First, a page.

FreeBSD devsummit notes: ports & packages

The ports and packages summit was a lot more discussion of options as opposed to the state of items and future plans. A very dynamic session, where each of the dozen or so scheduled speakers was more “moderator of the moment.” Plus, I staggered in half an hour late, because breakfast was really really good.

But, in general, what happened:

I walked in on an overview of Debian packages. It’s always good to assess others’ work.

Discussions on dependencies.

Ed Maste on possibly using certificate transparency via X.509v3 extension, rather than creating our own signing infrastructure.

Using qemu BSD user mode for cross-building packages. Qemu still needs some work, and you can pitch in.

bapt: want to control what scripts can do, so arbitrary scripts can’t harm system. Have the system provide a utility that will let programs check config files or update a database, rather than run arbitrary scripts. Would also help with cross-building packages.

Cross-building is improving. Now nightly ARM crossbuild packages in test. Hopefully ready by EuroBSDCon.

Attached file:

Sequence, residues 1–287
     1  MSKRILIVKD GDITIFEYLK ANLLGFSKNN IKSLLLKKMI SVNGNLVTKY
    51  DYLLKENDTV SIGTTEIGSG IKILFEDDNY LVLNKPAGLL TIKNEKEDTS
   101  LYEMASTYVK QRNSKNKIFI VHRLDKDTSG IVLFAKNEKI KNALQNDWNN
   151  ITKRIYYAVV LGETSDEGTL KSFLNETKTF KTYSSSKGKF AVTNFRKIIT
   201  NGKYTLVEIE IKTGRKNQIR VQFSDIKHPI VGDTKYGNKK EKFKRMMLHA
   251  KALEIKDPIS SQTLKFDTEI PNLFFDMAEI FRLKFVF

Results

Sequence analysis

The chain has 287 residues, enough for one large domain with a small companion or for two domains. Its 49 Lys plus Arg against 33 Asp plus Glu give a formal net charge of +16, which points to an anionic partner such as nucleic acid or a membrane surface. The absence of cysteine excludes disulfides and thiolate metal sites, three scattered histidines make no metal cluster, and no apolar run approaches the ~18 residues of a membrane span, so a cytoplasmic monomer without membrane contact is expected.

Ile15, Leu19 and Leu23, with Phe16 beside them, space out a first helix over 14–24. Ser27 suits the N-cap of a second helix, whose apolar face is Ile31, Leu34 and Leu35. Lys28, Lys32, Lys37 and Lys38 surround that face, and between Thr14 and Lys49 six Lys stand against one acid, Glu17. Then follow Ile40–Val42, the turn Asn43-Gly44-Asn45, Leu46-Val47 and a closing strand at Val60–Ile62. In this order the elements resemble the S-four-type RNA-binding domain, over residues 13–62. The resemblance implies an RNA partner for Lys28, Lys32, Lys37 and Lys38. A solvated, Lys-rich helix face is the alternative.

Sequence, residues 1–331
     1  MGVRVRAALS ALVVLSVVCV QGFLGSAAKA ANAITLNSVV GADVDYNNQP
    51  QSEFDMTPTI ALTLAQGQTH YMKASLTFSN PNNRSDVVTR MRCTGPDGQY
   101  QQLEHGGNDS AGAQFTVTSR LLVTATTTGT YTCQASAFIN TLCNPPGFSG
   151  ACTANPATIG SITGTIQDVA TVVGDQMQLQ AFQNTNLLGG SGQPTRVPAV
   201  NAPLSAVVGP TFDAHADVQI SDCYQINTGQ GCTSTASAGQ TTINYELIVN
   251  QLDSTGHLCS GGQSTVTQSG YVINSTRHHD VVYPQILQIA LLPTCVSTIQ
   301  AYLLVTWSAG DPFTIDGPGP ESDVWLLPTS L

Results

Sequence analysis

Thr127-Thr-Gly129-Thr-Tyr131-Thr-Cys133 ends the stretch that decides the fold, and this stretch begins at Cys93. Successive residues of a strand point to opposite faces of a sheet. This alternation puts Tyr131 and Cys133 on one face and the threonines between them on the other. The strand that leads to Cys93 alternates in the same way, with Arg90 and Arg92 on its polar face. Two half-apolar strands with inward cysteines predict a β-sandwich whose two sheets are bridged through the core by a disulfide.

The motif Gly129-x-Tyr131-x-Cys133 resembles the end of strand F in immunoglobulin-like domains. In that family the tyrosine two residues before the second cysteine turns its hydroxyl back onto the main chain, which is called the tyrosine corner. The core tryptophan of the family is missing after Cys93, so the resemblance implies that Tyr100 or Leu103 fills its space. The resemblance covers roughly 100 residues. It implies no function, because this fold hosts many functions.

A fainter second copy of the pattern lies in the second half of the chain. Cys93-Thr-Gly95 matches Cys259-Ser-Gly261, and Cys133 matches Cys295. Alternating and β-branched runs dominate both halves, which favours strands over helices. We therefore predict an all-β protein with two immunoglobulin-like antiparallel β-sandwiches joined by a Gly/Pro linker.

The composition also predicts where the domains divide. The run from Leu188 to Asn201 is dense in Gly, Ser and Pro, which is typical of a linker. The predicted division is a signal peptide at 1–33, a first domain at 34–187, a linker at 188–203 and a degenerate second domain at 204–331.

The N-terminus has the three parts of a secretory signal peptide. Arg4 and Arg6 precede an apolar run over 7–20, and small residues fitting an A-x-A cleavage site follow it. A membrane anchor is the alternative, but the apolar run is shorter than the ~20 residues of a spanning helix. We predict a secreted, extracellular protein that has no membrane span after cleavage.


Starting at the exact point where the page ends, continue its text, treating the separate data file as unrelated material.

PortCI: project for build cluster automation. Various port building processes are manual, such as testing and QAT. PortCI lets you manage these queues easily via a simple front end. The idea is to eventually let commiters request and configure their own experimental runs.

Jenkins – Uses bhyve VMs. Testing ports on all platforms.

Do not use freebsd-version(1) in the ports tree. Designed only for use in the base system. Security fixes that don’t touch the kernel won’t affect uname -r, and freebsd-version doesn’t apply to releases built from source. Ports tree needs something to say exactly what version you have no matter which how that version was produced.

Discussion on handling port licenses.

Packaging base! pkg doesn’t handle chflags yet, but they’re working on it. Split packages per build system option. But this changes how some programs are linked–what about NIS? Bapt is pondering that. We could offer multiple versions of packages, such as NIS-free. But FreeBSD’s “build system is not a paragon of configurability, but a bunch of hacks on what annoyed people the most” (Warner Losh).

I’m teaching in less than an hour, so I left the discussion here.

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